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  # 1771459 27-Apr-2017 17:56
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GE stick ones at mitre10 come the closest I have found to a sideways spread and less upwards, e27 and b22 only tho, and most table lamps I have are e14 where they are needed.

 

 





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  # 1771466 27-Apr-2017 18:06
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Beam angle's a good point. The CFL spirals probably throw light fairly generally, whereas LED is more directional.

 

We have multiple light fittings per room, so we should be ok, but each fitting is slightly directional. 


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  # 1771480 27-Apr-2017 18:46
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Beam angle is definitely a factor to consider even with standard shaped LED bulbs as they are more directional than an incandescent or CFL, but it is usually mentioned in the specs of the bulb (at least it has been for the ones I've looked at).

It's a pretty wide angle usually so fine for downward facing ceiling lights.

 
 
 
 


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  # 1771486 27-Apr-2017 19:03
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Rikkitic:

 

I bought some cheap bulbs just to see what they look like. These are supposed to be standard replacement bulbs but what strikes me is that the light spread seems to be much less than with the CFLs. Everyone here keeps talking about colour and brightness, but what about beam angle? I can only find references to that in regard to spots, but it also seems to be an issue with the regular bulbs I just bought. Adequate light directly beneath them, but very noticeably dimmer off to the sides.

 

 

 

 

 

 

It all really depends on how you use them I found putting them in downlighters, you can get more light than CFLs, as it is more directed down.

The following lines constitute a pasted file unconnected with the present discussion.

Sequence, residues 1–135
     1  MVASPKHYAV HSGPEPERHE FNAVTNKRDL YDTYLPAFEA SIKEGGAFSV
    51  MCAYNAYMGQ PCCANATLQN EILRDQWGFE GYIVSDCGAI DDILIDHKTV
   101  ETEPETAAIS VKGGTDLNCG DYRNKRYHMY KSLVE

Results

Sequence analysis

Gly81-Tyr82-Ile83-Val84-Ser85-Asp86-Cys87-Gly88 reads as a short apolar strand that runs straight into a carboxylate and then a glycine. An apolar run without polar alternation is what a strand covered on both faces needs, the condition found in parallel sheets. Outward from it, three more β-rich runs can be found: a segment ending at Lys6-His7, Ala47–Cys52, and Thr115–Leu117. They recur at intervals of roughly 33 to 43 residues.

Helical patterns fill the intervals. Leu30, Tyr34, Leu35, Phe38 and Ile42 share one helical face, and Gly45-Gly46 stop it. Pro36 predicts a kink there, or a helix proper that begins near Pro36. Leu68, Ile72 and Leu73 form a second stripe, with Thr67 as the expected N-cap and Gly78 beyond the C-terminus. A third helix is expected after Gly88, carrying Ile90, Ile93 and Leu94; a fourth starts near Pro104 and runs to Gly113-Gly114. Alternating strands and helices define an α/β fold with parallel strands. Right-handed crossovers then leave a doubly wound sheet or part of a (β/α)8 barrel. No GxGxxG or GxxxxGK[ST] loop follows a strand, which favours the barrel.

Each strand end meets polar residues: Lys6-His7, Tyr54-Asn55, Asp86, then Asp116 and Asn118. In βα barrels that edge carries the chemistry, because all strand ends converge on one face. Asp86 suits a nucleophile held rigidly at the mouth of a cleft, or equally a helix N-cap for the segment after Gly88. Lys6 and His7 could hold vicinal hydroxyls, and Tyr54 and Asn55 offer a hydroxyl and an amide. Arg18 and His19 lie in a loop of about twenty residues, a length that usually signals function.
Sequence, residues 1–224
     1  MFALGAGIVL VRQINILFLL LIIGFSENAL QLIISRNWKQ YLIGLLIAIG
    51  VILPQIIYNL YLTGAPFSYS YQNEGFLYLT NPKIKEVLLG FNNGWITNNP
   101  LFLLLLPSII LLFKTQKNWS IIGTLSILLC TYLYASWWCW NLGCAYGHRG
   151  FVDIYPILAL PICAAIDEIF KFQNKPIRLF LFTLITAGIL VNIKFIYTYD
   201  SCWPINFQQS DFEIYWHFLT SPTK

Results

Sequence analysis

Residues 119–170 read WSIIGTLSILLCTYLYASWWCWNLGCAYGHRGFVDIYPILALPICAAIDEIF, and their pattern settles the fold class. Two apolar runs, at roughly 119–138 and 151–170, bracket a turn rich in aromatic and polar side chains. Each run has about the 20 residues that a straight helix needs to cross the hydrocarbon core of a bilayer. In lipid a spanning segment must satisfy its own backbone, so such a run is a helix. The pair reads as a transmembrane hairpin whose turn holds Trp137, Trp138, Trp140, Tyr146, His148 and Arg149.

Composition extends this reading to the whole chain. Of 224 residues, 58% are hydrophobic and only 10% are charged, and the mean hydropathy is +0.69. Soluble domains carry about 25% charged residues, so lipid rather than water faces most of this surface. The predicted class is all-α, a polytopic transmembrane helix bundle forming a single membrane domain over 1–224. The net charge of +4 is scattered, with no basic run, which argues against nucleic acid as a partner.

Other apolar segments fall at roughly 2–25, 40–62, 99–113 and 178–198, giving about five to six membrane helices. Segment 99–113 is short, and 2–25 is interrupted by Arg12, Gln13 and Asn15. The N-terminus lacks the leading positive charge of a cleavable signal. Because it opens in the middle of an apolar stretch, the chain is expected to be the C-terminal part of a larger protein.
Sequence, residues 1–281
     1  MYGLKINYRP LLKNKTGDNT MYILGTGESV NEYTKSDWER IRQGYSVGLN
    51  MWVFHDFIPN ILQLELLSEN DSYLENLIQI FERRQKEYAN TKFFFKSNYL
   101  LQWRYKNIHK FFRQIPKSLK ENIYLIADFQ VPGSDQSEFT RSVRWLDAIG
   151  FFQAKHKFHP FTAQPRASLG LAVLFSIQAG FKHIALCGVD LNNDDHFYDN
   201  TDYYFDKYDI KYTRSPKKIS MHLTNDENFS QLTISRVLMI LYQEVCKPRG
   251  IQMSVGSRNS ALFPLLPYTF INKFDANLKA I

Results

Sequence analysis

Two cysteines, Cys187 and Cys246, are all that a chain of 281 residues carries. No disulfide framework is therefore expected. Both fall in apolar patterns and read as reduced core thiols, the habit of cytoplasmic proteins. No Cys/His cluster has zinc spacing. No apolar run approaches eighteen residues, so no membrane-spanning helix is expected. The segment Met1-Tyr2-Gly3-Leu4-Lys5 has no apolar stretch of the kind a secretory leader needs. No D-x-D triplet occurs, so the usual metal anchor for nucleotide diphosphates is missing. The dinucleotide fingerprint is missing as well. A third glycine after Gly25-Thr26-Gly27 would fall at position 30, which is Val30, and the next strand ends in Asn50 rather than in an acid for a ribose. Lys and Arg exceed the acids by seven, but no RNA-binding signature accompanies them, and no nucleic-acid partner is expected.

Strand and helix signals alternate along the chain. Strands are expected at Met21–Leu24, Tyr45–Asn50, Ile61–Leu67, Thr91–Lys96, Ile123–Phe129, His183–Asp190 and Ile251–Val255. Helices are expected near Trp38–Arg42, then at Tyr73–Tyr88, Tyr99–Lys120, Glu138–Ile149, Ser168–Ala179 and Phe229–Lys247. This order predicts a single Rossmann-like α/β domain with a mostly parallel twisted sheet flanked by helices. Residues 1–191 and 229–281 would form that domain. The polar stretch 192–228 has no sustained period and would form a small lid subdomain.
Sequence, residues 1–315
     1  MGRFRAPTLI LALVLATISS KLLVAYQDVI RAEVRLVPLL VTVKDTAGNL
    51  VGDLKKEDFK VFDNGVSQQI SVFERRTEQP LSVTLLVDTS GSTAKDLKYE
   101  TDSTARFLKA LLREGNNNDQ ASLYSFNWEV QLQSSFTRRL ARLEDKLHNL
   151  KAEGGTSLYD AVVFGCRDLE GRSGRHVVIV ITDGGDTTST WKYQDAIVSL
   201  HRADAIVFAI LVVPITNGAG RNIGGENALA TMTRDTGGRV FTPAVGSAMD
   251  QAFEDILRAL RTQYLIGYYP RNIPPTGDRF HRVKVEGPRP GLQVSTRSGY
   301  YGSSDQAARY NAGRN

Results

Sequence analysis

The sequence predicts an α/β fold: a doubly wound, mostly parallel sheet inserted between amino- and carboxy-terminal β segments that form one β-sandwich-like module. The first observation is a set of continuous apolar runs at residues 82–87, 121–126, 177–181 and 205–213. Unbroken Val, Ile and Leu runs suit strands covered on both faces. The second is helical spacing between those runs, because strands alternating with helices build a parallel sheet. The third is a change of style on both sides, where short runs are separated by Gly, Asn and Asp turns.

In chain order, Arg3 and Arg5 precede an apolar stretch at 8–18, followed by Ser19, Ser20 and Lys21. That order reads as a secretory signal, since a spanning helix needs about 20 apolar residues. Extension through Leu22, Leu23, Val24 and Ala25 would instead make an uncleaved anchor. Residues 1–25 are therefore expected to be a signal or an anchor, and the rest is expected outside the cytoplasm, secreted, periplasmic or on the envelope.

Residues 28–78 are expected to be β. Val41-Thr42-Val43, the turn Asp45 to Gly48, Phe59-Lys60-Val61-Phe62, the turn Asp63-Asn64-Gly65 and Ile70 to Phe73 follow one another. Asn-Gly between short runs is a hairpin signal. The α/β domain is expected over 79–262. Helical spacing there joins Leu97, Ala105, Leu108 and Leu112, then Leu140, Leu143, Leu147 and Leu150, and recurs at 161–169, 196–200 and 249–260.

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  # 1771599 27-Apr-2017 22:16
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I have installed a large number of Orbit 2700K bulbs in our house and my wife has been very happy with them, and she is very sensitive to colour temperature. I have had 2 bulbs fail, and they were both in the bathroom, so I don't think they like steam very much. All the other ones have been fine. At one point you could get 2 for $12 on special!

 

My recommendation is to buy one or two and see what you think. I decided that even if they were slightly less reliable, the colour output was great, and I try very hard to avoid 3000K except for work areas.


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  # 1771621 28-Apr-2017 00:08
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PJ48:

 

I have installed a large number of Orbit 2700K bulbs in our house and my wife has been very happy with them, and she is very sensitive to colour temperature. I have had 2 bulbs fail, and they were both in the bathroom, so I don't think they like steam very much. All the other ones have been fine. At one point you could get 2 for $12 on special!

 

My recommendation is to buy one or two and see what you think. I decided that even if they were slightly less reliable, the colour output was great, and I try very hard to avoid 3000K except for work areas.

 

 

 

 

You do actually see a lot of places that have the 4000k ones installed, so you maybe confusing them with those, as 2700k vs 3000k shouldn't be a huge colour difference. But 3000k to 4000k is a very stark difference. Here is quite a good discussion about the colour differences, and some people find the 2700k ones can change colours of paint. http://ths.gardenweb.com/discussions/3699370/2700-vs-3000k-for-kitchen-lighting